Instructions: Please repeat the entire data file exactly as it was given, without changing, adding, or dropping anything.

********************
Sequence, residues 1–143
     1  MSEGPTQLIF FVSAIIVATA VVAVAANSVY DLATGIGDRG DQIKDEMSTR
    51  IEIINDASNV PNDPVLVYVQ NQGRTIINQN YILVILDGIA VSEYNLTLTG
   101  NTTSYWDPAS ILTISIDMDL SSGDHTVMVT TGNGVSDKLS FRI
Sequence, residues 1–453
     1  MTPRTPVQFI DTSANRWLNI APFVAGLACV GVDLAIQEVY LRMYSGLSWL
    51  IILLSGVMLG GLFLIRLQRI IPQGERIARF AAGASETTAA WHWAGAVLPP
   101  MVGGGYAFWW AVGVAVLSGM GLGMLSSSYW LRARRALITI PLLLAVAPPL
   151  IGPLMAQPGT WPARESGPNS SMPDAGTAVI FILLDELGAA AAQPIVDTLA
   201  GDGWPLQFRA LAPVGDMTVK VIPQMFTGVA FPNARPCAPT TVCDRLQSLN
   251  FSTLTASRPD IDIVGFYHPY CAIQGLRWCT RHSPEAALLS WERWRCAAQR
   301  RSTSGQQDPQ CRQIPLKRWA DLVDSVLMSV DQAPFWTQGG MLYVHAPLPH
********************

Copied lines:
Sequence, residues 1–143
     1  MSEGPTQLIF FVSAIIVATA VVAVAANSVY DLATGIGDRG DQIKDEMSTR
    51  IEIINDASNV PNDPVLVYVQ NQGRTIINQN YILVILDGIA VSEYNLTLTG
   101  NTTSYWDPAS ILTISIDMDL SSGDHTVMVT TGNGVSDKLS FRI
Sequence, residues 1–453
     1  MTPRTPVQFI DTSANRWLNI APFVAGLACV GVDLAIQEVY LRMYSGLSWL
    51  IILLSGVMLG GLFLIRLQRI IPQGERIARF AAGASETTAA WHWAGAVLPP
   101  MVGGGYAFWW AVGVAVLSGM GLGMLSSSYW LRARRALITI PLLLAVAPPL
   151  IGPLMAQPGT WPARESGPNS SMPDAGTAVI FILLDELGAA AAQPIVDTLA
   201  GDGWPLQFRA LAPVGDMTVK VIPQMFTGVA FPNARPCAPT TVCDRLQSLN
   251  FSTLTASRPD IDIVGFYHPY CAIQGLRWCT RHSPEAALLS WERWRCAAQR
   301  RSTSGQQDPQ CRQIPLKRWA DLVDSVLMSV DQAPFWTQGG MLYVHAPLPH